Looking at Clyde Butcher’s photos, I saw all the amazing detail in the darks and the lights that is the goal of truly good photography. Just simply breathtaking. His prints go for hundreds of dollars for a tiny one, and tens of thousands of dollars for the big ones. I opted for a calendar for $20, and then discovered to my delight that the calendar was focused on the fresh water springs of Northern Florida. Hence worrying about the springs. The information in that calendar about the degradation of the gorgeous Florida springs is as disheartening as the brochure information about the Everglades.
Our campground at Midway is quite lovely, with grassy open sites and paved RV pads. There is only electricity at the site, but a dump station and fresh water are available in the campground. Until recently, this campground was first come first served, with folks lining up early in the morning for a spot. Thanks to Sherry, I learned about the recent change to reservations required, and three weeks ago snagged our spot. Good thing! The campground had been full every night.
Today we will begin the journey south toward Key West, crossing the long bridges with views of gorgeous turquoise water on our way to Sigsbee Field to camp. I think this Military Family Camp in Key West is probably one of the greatest benefits of Mo’s military service. (She may disagree, of course, because I am sure she has other benefits that mean more to her, such as retirement and health care. Ha!) Without the ability to camp at Sigsbee Field, we wouldn’t be visiting the Keys, much less Key West.
We know that we will be dry camping at Sigsbee, with hookup sites in a rotational system that we won’t be there long enough to get. We will be loading up on water and fuel to run the generator for the five days we will be camping there. Usually the temperatures in Key West are moderated by the surrounding water, so we hope that it won’t be as hot as it has been here.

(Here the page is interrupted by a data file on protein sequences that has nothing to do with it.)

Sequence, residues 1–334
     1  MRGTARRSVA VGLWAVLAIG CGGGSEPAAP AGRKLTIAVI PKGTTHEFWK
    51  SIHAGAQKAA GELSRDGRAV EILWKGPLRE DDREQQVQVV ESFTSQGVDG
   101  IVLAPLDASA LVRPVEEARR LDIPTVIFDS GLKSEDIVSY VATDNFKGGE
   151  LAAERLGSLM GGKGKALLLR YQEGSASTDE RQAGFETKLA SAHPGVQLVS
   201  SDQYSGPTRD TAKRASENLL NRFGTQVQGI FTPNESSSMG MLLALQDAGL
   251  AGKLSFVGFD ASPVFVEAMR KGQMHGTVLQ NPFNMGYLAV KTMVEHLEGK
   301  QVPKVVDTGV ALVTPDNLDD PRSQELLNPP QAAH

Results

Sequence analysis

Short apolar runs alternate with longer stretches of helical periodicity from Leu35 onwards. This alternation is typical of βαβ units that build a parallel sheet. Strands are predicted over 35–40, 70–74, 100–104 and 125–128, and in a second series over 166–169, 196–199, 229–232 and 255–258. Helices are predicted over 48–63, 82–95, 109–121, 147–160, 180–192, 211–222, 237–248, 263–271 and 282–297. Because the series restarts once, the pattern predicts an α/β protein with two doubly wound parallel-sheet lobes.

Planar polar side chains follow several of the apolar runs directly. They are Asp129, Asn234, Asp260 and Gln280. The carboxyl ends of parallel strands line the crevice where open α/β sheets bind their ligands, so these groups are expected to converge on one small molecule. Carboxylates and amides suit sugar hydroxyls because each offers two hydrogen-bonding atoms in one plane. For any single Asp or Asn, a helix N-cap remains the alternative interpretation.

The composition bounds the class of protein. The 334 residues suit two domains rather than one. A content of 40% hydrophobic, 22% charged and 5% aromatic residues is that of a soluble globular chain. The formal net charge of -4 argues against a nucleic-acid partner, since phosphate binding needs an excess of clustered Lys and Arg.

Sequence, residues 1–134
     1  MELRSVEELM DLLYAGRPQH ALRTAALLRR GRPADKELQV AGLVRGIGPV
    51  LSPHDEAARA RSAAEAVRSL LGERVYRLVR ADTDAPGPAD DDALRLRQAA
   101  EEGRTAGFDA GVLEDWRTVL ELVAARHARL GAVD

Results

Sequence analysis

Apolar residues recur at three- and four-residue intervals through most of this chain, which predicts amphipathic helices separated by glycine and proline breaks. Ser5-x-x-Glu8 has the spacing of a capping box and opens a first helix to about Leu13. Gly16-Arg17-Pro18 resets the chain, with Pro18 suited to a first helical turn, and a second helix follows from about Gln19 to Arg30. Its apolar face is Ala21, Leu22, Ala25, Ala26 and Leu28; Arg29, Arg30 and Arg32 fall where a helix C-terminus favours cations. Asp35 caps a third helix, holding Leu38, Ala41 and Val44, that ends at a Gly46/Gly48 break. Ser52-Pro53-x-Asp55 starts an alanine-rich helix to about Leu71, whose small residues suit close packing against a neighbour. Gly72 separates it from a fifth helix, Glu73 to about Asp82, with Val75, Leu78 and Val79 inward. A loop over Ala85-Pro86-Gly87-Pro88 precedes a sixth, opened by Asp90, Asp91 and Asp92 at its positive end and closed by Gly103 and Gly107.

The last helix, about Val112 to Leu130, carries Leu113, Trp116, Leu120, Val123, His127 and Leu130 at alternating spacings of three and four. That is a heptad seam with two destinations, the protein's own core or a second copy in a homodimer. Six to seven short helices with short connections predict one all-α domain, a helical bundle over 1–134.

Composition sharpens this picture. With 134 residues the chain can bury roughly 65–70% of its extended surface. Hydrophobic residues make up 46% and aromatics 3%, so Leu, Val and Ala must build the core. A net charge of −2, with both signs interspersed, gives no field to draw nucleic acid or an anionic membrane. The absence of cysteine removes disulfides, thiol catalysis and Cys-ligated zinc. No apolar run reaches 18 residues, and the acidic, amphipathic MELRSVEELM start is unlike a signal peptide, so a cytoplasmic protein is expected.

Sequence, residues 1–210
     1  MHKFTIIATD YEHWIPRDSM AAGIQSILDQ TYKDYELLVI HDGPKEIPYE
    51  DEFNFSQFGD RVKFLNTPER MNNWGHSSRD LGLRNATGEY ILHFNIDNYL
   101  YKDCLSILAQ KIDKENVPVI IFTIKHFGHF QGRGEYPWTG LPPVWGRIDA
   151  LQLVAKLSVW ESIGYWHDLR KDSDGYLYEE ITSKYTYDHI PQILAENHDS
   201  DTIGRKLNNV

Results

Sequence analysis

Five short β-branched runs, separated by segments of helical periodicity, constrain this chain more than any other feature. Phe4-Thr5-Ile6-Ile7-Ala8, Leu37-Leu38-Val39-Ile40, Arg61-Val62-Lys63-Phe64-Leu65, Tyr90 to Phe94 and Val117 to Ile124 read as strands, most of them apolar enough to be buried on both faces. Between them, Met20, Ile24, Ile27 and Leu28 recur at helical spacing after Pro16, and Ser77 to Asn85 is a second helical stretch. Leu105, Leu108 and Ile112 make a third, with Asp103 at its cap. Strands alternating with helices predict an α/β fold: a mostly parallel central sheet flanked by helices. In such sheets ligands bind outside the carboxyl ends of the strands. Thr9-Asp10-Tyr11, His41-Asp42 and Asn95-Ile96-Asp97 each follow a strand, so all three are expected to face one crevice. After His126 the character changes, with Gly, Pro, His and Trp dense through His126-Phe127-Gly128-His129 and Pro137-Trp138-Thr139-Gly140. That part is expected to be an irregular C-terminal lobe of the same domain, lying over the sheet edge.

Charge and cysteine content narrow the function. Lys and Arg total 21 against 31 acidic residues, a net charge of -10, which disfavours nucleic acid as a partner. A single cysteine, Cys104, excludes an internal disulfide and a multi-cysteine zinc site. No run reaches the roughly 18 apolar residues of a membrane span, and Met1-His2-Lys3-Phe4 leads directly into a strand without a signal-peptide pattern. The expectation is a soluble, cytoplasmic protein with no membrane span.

John and Carol gave us lots of tips about camping at Sigsbee, about where to go near the campground, and where to park in town for free since we do have Abby and can’t bike that far with her any more. Next on our buying list is one of those baby carrier biking things that Mo can pull behind her bike so that Abby can go along. She does so well with the leash and the bike, but only lasts for a short distance now. Don’t want to wear the old girl out before her time.
On another note, reading comments from the last couple of blogs, folks are repeating a refrain, “Think I won’t come to Florida ever”. Or to that effect. Just gotta say here, saying “Florida” in one big catch all, is a bit like saying you didn’t like the California desert so you won’t ever visit Mt Shasta. Florida is a large state with all sorts of variety and there is a huge difference between north and south, east and west , Gulf and Atlantic. Being from the west, I understand how different a state can be from one part to another.
I suppose states in the midwest and east are probably fairly uniform throughout. Not here. I would probably not return to southern Florida, even though it is one of the more unique environments in our country.
I might still return to northern Florida someday. I love the springs and rivers even more than the beaches. Remember all those wide open roads with no cars that we traveled earlier this month? Remember all those state parks where we had no problem finding reservations? Don’t throw out the baby with the bath water when thinking of Florida because of what I have said about southern Florida.